Dell Latitude 14 5420 review – it will effortlessly last you through two workdays on a single charge

Secure, stable, and reliable. This is the prerequisite for every single business notebook out there. Regardless of its price tag. After all, its main purpose is to do the job and protect your data. Looks are purely subjective, and you don’t really need the most powerful hardware out there.

However, this doesn’t stop the Latitude 14 5420 to provide some computational performance to its users. Interestingly, the laptop is offered with both Comet Lake-U and Tiger Lake processors. Why? We don’t know. What we do know is that the 10nm architecture of Intel introduced a huge boost in performance. Not only when it comes to CPU-intensive loads, but to graphics power as well. So, getting the so-called “11-th Gen” processors would be a priority.

In addition to all of the security software and firmware goodies, some of the features include IR face recognition, fingerprint reader, and optional Smart Card reader. Plus, some models will come with a WWAN LTE modem, so you are independent when it comes to connectivity.

You can check the prices and configurations in our Specs System: https://laptopmedia.com/series/dell-latitude-14-5420/

Contents


Specs Sheet

Dell Latitude 14 5420 review – it will effortlessly last you through two workdays on a single charge - Specs

  • Innolux CYHFW-140HCA (N140HCA-E5C, CMN14E7)
  • Color accuracy  6.0  3.6
  • HDD/SSD
  • up to 2000GB SSD
  • RAM
  • up to 64GB
  • OS
  • Windows 10 Pro, Windows 10 Home, Windows 11 Pro, No OS, Windows 11 Home
  • Battery
  • 63Wh, 4-cell, 64Wh, 4-cell, 42Wh, 3-cell
  • Body material
  • Plastic / Polycarbonate
  • Dimensions
  • 321.3 x 212 x 20.9 mm (12.65" x 8.35" x 0.82")
  • Weight
  • 1.40 kg (3.1 lbs)
  • Ports and connectivity
  • 1x USB Type-A
  • 3.2 Gen 1 (5 Gbps)
  • 1x USB Type-A
  • 3.2 Gen 1 (5 Gbps), Sleep and Charge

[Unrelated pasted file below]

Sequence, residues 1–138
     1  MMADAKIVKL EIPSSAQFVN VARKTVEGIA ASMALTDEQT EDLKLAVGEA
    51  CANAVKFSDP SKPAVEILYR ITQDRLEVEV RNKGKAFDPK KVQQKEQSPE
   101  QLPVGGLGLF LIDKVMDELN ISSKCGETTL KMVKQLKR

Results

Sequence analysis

• 2x USB Type-C
  • Thunderbolt 4, Power Delivery (PD), DisplayPort
  • HDMI
  • 2.0
  • Card reader
  • microSD (SD/SDHC/SDXC)
  • Ethernet LAN
  • 10, 100, 1000 Mbit/s
  • Wi-Fi
  • 802.11ax
  • Bluetooth
  • 5.2
  • Audio jack
  • 3.5mm Combo Jack
  • Features
  • Fingerprint reader
  • optional
  • Web camera
  • Full HD & HD
  • Backlit keyboard
  • optional
  • Microphone
  • Dual-Array Microphones
  • Speakers
  • 2x 2W, Stereo Speakers
  • Optical drive
  • Security Lock slot

All Dell Latitude 14 5420 configurations

#CommissionsEarned

What’s in the box?

The packaging of this device contains only the essentials. This includes the mandatory paperwork, as well as a 90W power brick.


Design and construction

As a part of the Latitude 5000 series, this notebook is built with environmentally-conscious bioplastics. It weighs 1.40 kg and has a profile of 19.3-20.9mm. This makes it far from the thinnest devices on the market, but we feel it is worth it (later you will see why).

Here, the lid doesn’t open with a single hand. The matte screen boasts thin side bezels and a quite pronounced chin and forehead. Fortunately, the latter is put to good use, as it holds the Web camera (optional FHD sensor), the IR sensor, and the privacy shutter.

As you can tell from the images, the laptop is covered with a matte finish, which keeps the fingerprints from sticking to the surface. Speaking of fingerprints, there is a reader embedded in the Power button. Probably because of that, this button feels a bit mushy, but we don’t really mind that.

While we are here, let’s check out the keyboard. It has a decent key travel, while the feedback is relatively clicky. Yet, it is quiet, which is pretty important for in-office work. Although the touchpad lacks dedicated buttons, we found it pretty comfortable for work, as it offers decent gliding and accurate tracking.

Turn the laptop upside down, and you will find the ventilation grills and the speaker cutouts. Unfortunately for left-handed people, the heat exhaust is placed on the left side of the notebook.


Ports

On the left side of the device, you will find two Thunderbolt 4 connectors and an optional Smart Card reader. And on the right, there is the security wedge slot, an RJ-45 connector, followed by an HDMI 2.0 connector, two USB Type-A 3.2 (Gen. 1) ports, an audio jack, and a MicroSD card reader. Moreover, on the back, you will see the SIM card tray.